Totally Insane! Buffalo Suburbs May Have Set a Record for 24-Hour Snowfall in a Populated Area

By Tom Yulsman | November 19, 2014 2:03 am
insane

NASA’s Aqua satellite captured this view of clouds streaming across Lake Erie toward Buffalo and Erie County, New York on Tuesday— where they dumped gargantuan amounts of snow. (Source: NASA)

The national record for snowfall in a 24-hour period is 76 inches, up in the mountains of Colorado. Some suburbs of Buffalo approached that amount on Tuesday — “possibly the highest 24hr snow in a populated area,” the National Weather Service Tweeted late Tuesday night.

Unfortunately, four people have lost their lives as a result of the snow.

And it’s not over yet! As I’m writing this early Wednesday morning, the National Weather Service is forecasting more snow well into the day — and then even more through Thursday night:

ACCUMULATIONS...5 TO 10 INCHES OVERNIGHT...UP TO 2 INCHES WEDNESDAY. HIGHEST TOTALS 5 TO 6 FEET FROM LACKAWANNA TO LANCASTER AND ELMA FROM THE FIRST STORM ENDING ON WEDNESDAY.

ADDITIONAL ACCUMULATIONS OF UP TO 2 FEET IN THE SECOND STORM LATE WEDNESDAY NIGHT THROUGH THURSDAY NIGHT IN PERSISTENT BANDS.THE HEAVIEST AMOUNTS MAY AGAIN FOCUS ON THE BUFFALO SOUTHTOWNS.

It has been a classic lake effect snowfall — but on steroids this time.

Two ingredients have come together to create this insane amount of snowfall, according to the Cooperative Institute for Meteorological Satellite Studies (CIMSS): cold arctic air, with surface temperatures in the upper teens and lower 20’s, flowing across the waters of Lake Erie, which were still as warm as the middle 40’s.

Cold air cannot hold much of the water vapor it picks up from warm waters, so it condenses, forming clouds. The prevailing westerly winds blow the clouds toward western New York, where the moisture falls as snow in the cold temperatures.

You can see that effect quite clearly in the image at the top of this post, captured by NASA’s Aqua satellite on Tuesday. Note the thick but relatively narrow band of clouds streaming across Lake Erie.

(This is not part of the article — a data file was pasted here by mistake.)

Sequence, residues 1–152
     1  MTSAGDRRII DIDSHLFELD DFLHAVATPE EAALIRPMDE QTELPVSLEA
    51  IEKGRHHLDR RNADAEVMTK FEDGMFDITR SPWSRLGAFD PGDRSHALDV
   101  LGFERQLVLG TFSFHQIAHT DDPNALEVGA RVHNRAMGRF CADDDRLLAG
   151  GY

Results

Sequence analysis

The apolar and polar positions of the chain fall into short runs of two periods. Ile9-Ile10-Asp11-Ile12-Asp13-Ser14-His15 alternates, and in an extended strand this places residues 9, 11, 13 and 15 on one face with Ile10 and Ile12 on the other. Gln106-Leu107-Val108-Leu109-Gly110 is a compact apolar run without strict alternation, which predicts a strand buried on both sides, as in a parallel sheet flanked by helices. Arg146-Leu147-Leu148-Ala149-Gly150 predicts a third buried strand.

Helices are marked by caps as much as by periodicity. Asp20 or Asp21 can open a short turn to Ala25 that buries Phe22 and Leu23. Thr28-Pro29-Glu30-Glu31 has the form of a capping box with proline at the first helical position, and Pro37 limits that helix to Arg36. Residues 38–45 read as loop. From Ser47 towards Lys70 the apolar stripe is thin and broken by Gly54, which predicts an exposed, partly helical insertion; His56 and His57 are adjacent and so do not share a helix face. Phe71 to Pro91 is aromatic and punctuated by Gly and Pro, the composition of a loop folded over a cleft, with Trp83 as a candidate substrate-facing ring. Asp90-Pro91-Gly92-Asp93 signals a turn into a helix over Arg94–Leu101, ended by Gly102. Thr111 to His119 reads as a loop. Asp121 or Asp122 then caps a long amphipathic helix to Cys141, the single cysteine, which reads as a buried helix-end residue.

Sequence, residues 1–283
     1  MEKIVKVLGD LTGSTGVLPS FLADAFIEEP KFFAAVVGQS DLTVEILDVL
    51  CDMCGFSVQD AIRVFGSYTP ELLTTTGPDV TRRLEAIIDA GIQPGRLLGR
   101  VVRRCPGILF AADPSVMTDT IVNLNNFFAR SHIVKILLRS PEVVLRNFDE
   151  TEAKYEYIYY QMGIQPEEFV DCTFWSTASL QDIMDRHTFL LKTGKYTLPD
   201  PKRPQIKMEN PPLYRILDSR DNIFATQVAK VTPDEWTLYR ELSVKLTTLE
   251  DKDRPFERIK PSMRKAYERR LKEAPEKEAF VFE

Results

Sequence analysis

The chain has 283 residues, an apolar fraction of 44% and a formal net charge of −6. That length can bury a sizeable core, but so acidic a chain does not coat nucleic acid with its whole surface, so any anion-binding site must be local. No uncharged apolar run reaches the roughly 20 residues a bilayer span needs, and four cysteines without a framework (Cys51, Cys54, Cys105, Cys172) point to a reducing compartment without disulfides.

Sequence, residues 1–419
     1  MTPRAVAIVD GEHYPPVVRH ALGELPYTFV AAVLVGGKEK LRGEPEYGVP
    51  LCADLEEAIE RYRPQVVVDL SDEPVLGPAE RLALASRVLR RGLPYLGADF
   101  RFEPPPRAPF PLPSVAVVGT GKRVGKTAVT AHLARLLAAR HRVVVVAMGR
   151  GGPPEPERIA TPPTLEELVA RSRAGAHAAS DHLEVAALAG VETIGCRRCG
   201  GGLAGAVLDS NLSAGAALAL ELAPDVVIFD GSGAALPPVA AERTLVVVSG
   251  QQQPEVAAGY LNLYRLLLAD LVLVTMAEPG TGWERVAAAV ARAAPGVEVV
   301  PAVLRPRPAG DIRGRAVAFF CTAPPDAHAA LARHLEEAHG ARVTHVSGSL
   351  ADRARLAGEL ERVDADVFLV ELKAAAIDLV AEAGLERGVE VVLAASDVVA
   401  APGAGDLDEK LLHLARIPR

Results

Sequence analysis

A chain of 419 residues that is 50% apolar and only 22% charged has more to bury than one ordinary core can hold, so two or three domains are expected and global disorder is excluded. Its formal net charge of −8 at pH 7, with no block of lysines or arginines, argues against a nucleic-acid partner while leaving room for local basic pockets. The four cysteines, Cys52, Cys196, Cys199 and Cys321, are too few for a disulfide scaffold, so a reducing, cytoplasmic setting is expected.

Here’s a timelapse video showing what it looked like on the ground as snow squalls moved off the lake and into the southern part of the city:

And here’s what the stream of moisture flowing across Lake Erie looked like from space:

insane

An animation of images from the GOES-13 weather satellite shows large lake effect cloud bands over both Lake Erie and Lake Ontario on Tuesday, Nov. 18, 2014. (Source: CIMSS)

This animation of weather satellite images shows large bands of lake effect snow over both Lake Erie and Lake Ontario. “The band over Lake Erie was nearly stationary for several hours, producing snowfall rates as high as 4 inches per hour at some locations,” according to the CIMSS.

Straight up ridiculous indeed!

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  • razster

    We here in Cali could use some of that…

    • Carol Manglos

      Come and get it!!!

      • Tom Yulsman

        Carol: Do you live in the Buffalo area and if so, have you been affected by the snow? I’m going to follow up on this story today or tomorrow and I’m looking to publish photos, so let me know if you have any. You can reach me at tom.yulsman@colorado.edu. (And btw, my wife is from Grand Island!)

        • Carol Manglos

          I live in Syracuse, and until tonight (just a dusting) we have had NO snow! It’s all localized to the Buffalo area lake-effect snow, so it really doesn’t extend too much beyond that. I do have a pic of what we’ve gotten, but it’s nothing, really. Hope that helps.

          • Tom Yulsman

            Thank you Carol! I think I’ve got what I need now. And I hope the snow holds off in Syracuse, at least for awhile. But we both know it’s coming at some point. (I went to SUNY-Binghamton, and I have vivid memories of what happened just a tad farther north…)

  • CrowdAlbum

    You can see 1000+ dramatic photos from Buffalo residents trapped in the snow! http://www.crowdalbum.com/album/546c12a81f68ef5ba0000d81/Buffalo-Snowvember2014_20141118

  • Buddy199
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ImaGeo

ImaGeo is a visual blog focusing on the intersection of imagery, imagination and Earth. It focuses on spectacular visuals related to the science of our planet, with an emphasis (although not an exclusive one) on the unfolding Anthropocene Epoch.

About Tom Yulsman

Tom Yulsman is Director of the Center for Environmental Journalism and a Professor of Journalism at the University of Colorado, Boulder. He also continues to work as a science and environmental journalist with more than 30 years of experience producing content for major publications. His work has appeared in the New York Times, Washington Post, Audubon, Climate Central, Columbia Journalism Review, Discover, Nieman Reports, and many other publications. He has held a variety of editorial positions over the years, including a stint as editor-in-chief of Earth magazine. Yulsman has written one book: Origins: the Quest for Our Cosmic Roots, published by the Institute of Physics in 2003.

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